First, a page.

And no, we are not talking about the dubious financing for this massive facility – which port officials claim will help the Palmetto State make up some of the ground it has lost to neighboring Georgia in recent years.
No, this time we are talking about a labor problem … as in trouble with the unions who wield tremendous influence on the waterfront in Charleston harbor.
Wait … isn’t South Carolina a right-to-work state?
Yes, but that doesn’t mean unions aren’t active here – it just means membership in their ranks cannot be made compulsory. In fact, SCPA is one of many state agencies that uses union labor to “supplement” its own work force.
Which often puts Palmetto politicians in difficult positions …
Anyway, this week the office of S.C. attorney general Alan Wilson announced it was filing an “unfair labor practice charge” against the International Longshoremen’s Association (ILA), its Local 1422, and the United States Maritime Alliance (USMX) for “attempting to implement a secondary boycott to acquire new work for the union.”
Secondary boycotts take place when two parties – in this case the ILA and USMX – conspire to work against a third party. Such practices are illegal under the National Labor Relations Act (NLRA).
“It is unlawful for a union to coerce a neutral employer to force it to cease doing business with a primary employer,” noted an explainer page hosted by the National Labor Relations Board (NLRB), which hears disputes involving labor unions and employers.
Wilson’s office is accusing ILA and USMX of “pressuring ocean carrier customers not to use the state’s new Hugh Leatherman terminal” because they object to the “hybrid” model of port employment – in which unionized labor works alongside employees of the SCPA.
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“The ILA has long aspired to perform all of the waterfront work in South Atlantic ports, including the work being done by the state employees of the SCPA,” the release from Wilson’s office noted. “After the Hugh Leatherman terminal was permitted and construction was underway, the ILA added a provision to its master contract with the USMX that the ILA is now claiming applies to the (terminal). Part of that provision is that USMX members may be prohibited from using a new facility if work at that facility is not performed by master contract bargaining unit employees.”
That certainly seems like a cut-and-dried violation of the NLRA to us …
“The union is expected to follow the rule of law like everyone else,” Wilson said. “South Carolina has long been a staunch right-to-work state and the union cannot undermine our laws guaranteeing the right to work. Those laws do not permit the union to take over jobs from state employees.”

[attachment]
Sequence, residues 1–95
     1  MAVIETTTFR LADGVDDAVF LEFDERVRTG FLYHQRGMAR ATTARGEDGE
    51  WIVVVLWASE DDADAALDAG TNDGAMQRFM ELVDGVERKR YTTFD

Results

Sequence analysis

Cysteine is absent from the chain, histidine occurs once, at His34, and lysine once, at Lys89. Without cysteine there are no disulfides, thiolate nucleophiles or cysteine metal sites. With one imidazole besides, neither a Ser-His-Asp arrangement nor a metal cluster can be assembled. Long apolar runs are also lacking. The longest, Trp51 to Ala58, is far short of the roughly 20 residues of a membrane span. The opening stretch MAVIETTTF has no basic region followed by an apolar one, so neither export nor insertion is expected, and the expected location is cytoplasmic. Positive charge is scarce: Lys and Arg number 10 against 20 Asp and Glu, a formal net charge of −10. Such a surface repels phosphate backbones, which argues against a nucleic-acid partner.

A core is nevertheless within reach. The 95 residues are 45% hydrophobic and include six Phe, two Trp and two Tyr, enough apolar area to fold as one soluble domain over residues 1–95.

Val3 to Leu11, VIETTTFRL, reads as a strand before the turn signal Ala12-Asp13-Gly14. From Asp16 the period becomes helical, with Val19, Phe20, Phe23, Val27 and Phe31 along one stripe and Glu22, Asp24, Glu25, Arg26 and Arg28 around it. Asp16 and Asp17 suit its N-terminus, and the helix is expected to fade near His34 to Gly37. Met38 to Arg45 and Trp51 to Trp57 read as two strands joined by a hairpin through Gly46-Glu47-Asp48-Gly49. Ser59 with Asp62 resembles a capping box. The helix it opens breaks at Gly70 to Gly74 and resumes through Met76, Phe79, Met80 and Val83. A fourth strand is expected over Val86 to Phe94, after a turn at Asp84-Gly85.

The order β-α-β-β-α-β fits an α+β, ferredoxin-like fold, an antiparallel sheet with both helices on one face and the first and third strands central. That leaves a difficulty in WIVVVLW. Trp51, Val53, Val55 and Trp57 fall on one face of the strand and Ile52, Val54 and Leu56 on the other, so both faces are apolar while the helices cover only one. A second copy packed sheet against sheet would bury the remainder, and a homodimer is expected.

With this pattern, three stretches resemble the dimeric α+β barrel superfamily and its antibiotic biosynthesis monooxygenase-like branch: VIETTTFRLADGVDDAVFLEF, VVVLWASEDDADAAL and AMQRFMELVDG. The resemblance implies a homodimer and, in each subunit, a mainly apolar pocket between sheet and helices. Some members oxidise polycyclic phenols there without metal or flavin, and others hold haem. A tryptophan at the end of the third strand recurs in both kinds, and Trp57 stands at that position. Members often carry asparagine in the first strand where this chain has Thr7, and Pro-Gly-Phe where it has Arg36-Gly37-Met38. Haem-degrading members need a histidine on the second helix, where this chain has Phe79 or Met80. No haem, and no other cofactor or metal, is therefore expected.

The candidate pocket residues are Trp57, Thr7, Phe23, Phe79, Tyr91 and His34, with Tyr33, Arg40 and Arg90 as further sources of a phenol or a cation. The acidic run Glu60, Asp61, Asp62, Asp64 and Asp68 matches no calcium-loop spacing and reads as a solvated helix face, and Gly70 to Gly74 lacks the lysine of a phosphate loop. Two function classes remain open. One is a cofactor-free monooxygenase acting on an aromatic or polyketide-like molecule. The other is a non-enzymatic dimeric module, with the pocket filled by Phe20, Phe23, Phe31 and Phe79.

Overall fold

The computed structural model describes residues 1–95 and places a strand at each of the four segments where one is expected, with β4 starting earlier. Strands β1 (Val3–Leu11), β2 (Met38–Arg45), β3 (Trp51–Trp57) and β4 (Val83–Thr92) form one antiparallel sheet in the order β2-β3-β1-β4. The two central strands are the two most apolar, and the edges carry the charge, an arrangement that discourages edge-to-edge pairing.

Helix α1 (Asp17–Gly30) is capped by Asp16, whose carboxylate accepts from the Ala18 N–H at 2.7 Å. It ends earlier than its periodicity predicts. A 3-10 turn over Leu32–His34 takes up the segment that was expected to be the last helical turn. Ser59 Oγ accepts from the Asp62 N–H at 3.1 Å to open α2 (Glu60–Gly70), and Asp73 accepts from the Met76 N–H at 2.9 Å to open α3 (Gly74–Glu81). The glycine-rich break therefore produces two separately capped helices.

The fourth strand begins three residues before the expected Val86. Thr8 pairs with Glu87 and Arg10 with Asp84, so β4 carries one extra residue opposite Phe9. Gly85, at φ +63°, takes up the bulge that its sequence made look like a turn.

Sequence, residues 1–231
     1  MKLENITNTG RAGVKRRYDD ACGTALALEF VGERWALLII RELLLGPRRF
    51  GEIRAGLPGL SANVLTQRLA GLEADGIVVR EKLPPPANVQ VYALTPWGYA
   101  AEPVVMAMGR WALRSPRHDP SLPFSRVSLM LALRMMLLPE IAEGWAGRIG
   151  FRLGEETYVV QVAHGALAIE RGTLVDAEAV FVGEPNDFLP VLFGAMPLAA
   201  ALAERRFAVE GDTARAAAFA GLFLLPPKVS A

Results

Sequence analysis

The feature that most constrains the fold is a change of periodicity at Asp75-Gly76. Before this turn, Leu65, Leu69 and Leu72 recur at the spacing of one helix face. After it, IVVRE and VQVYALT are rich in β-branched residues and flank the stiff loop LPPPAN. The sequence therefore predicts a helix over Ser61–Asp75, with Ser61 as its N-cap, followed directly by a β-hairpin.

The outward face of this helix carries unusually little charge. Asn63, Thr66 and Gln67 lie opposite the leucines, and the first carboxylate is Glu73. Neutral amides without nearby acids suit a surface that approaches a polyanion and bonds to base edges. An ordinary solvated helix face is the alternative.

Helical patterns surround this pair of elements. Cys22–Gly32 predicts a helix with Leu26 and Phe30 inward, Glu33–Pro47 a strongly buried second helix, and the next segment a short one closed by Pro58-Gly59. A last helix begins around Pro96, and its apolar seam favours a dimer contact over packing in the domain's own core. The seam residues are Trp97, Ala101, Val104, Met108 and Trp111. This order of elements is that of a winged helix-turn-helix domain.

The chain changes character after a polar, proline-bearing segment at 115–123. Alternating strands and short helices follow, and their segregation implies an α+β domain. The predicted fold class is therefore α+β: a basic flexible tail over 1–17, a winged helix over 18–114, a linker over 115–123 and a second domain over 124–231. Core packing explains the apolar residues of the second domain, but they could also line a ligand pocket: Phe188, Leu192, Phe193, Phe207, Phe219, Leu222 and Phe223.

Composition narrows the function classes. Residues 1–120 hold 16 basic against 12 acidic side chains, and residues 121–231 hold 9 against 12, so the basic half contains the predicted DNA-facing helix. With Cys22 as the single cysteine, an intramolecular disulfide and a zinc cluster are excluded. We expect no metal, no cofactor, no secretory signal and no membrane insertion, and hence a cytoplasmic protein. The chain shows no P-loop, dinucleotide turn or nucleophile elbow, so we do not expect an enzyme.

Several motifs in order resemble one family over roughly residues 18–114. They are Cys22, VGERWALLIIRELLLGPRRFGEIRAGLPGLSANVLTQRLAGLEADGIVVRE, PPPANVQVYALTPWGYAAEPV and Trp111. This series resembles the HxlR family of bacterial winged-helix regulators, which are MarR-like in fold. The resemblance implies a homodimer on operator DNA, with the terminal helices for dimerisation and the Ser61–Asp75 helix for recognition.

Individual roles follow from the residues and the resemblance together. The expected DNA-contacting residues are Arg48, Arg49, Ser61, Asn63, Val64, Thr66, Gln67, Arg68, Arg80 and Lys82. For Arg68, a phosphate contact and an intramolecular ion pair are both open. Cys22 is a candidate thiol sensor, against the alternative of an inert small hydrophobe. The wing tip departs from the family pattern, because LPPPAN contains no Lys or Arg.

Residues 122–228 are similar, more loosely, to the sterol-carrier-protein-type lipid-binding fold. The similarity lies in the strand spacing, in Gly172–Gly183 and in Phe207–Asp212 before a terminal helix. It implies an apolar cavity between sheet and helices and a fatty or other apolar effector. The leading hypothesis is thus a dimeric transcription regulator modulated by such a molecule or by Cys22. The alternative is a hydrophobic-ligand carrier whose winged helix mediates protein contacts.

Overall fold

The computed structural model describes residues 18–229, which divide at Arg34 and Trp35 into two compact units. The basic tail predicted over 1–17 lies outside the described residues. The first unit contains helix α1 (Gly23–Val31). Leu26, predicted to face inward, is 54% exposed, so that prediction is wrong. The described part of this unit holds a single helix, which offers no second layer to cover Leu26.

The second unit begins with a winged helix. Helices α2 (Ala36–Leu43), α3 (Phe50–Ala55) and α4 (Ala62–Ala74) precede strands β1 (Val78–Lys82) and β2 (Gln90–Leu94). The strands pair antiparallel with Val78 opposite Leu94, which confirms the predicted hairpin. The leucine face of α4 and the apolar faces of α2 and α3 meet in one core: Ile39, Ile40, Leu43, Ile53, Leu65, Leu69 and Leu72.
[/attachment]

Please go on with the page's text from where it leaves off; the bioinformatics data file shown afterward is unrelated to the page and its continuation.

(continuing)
The release went on to say that Wilson’s office was taking this action “to protect the jobs of hundreds of South Carolinians working for the SC Ports Authority and the investment that the SCPA and state taxpayers have made in a highly competitive port system.”
Wait … what?
(Click to view)
(Via: S.C. Ports Authority)
To be clear: We have no issue with Wilson pursuing this charge. In fact, we support the action. If unions are breaking the law in an attempt to gain an unfair competitive advantage – which it certainly seems is happening – then it is Wilson’s affirmative duty to step in and take action on behalf of the state.
So he is doing what he should be doing …
Having said that, for the attorney general to claim the Palmetto State is running a “highly competitive port system” is an utterly laughable assertion. In fact, as we have documented on numerous occasions, the exact opposite is true.
With a capable assist from former governor Nikki Haley, the current leadership at SCPA has run the port of Charleston into the ground – while also failing to develop the east coast’s last remaining deepwater port location in Jasper county. As a result, Georgia is absolutely crushing South Carolina when it comes to maritime traffic.
As we’ve said for years, one of the keys to restoring South Carolina’s competitive position on this front involves abandoning the current port management model – i.e. bickering government appointees – and adopting a landlord-tenant arrangement instead.
This would allow private sector firms to manage the state’s port infrastructure (with taxpayers retaining ownership of the assets). Such a move – championed by pro-free market lawmakers like state senator Tom Davis – would free up potentially hundreds of millions of dollars in public money for needed infrastructure enhancements (including the proposed Jasper port).
Unfortunately, South Carolina leaders continue to believe that running a port (and running a power company) are core functions of government. And so they continue to perform these functions … poorly.
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